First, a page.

So, Sue's tip for the day:
This is a Tell:
She sat down.This is a Show:
She settled herself onto the faded brocade of a chair that looked entirely too fragile to take her weight, her frayed skirts settling around her with soft sighs of relief.They both get the job done. The reader knows a woman sat down. But the first example unfairly relies upon the reader's imagination to conjure up a generic image of a female person sitting in a chair. What the chair looks like, we have no idea. What the woman looks like, we have no idea. The second example tells you the chair is an upholstered thing past its better days, and the woman is heavy enough to threaten the integrity of the poor chair.
How much nicer is that than stating baldly, "The fat woman sat down"?
As I was zooming along today drafting on Windrider, this nearly made it onto the page:
Ayesh was silent a moment.Oh, ick. Not only a Tell, but passive to boot! (Passive writing most often involves the use of any form of the verb "to be". Shoot all instances of "was," "were," or "is" on sight whenever possible.)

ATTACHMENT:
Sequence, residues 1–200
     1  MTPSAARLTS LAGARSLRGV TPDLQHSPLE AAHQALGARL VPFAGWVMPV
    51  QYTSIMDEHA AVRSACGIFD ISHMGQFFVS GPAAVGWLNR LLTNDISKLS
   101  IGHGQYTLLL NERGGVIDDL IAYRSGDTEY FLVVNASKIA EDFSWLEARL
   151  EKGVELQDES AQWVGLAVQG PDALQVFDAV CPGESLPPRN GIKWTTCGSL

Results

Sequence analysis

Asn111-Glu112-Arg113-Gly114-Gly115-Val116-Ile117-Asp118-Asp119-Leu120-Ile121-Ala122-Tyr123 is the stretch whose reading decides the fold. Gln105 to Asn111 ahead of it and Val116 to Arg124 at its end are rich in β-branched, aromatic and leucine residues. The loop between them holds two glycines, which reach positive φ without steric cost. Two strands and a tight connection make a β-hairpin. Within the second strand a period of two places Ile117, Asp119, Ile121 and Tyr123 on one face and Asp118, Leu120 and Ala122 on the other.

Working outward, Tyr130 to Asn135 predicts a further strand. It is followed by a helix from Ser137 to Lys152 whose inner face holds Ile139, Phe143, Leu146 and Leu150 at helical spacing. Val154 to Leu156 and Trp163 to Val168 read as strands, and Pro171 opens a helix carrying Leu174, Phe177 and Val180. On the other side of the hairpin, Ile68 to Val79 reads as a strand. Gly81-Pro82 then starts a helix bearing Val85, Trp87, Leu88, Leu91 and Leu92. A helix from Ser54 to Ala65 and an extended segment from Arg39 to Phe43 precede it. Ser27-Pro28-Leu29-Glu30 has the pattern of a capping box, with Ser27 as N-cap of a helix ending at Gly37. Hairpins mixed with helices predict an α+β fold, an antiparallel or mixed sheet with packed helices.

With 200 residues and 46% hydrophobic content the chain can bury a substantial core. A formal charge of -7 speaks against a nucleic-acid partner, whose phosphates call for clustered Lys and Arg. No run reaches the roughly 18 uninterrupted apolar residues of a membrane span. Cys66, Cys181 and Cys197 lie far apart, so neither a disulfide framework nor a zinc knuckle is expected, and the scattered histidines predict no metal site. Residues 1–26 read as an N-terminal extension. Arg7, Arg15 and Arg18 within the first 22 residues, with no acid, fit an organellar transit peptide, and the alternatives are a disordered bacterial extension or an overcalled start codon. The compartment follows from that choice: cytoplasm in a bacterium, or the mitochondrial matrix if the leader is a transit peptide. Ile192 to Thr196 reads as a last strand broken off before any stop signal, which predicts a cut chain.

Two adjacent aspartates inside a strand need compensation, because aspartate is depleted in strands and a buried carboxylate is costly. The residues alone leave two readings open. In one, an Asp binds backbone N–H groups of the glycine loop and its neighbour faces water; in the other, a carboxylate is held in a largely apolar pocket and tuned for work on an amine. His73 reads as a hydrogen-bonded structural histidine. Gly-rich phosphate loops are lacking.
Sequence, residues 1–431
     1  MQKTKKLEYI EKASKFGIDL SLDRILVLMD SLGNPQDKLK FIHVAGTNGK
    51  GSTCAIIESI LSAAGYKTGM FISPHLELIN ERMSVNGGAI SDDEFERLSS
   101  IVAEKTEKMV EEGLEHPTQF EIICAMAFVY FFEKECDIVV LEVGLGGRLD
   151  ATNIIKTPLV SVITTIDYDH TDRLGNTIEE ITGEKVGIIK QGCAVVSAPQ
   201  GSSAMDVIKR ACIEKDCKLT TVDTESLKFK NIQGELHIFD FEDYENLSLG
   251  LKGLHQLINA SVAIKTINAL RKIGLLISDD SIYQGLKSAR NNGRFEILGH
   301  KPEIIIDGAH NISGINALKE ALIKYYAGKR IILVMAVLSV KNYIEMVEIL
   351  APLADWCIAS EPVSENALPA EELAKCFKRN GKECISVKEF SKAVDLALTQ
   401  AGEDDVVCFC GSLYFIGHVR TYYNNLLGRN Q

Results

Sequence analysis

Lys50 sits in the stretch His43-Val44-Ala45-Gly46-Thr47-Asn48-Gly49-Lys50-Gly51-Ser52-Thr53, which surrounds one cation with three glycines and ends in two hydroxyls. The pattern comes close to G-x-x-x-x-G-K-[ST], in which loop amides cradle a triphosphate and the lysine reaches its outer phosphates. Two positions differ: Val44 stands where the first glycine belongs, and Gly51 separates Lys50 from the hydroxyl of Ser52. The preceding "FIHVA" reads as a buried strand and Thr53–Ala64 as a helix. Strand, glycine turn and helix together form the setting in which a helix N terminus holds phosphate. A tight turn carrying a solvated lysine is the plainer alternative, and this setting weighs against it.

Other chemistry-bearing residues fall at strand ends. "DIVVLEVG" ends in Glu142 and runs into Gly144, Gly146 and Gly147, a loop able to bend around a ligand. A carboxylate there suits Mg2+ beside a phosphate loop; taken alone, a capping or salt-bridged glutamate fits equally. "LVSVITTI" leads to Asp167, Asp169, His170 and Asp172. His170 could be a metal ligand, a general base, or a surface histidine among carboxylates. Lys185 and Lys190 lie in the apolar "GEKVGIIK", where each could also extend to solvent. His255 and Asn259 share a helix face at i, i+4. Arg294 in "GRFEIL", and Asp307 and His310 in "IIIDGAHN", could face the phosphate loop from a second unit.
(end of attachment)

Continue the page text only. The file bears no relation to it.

Here is what this initial thought changed to pretty much as soon as I became aware it had hit the page:
Ayesh sat very still for a moment with silence gathering around him like thickening fog.This is a bit prettier, yes? A bit more lyrical, evoking a mood as well as telling us that this character is having a moment of introspection.
Writers who claim they cannot stretch a story to the minimum 80,000 words of a novel either truly don't have enough plot...or aren't taking advantage of the beauty of the language to evoke clear pictures of the characters and their surroundings, or to draw an emotional response from the reader. If your writing is stuffed with passives and seems a bit utilitarian, you could be doing more Telling than Showing.
More on this subject in future blog posts, with more examples of how to cure it.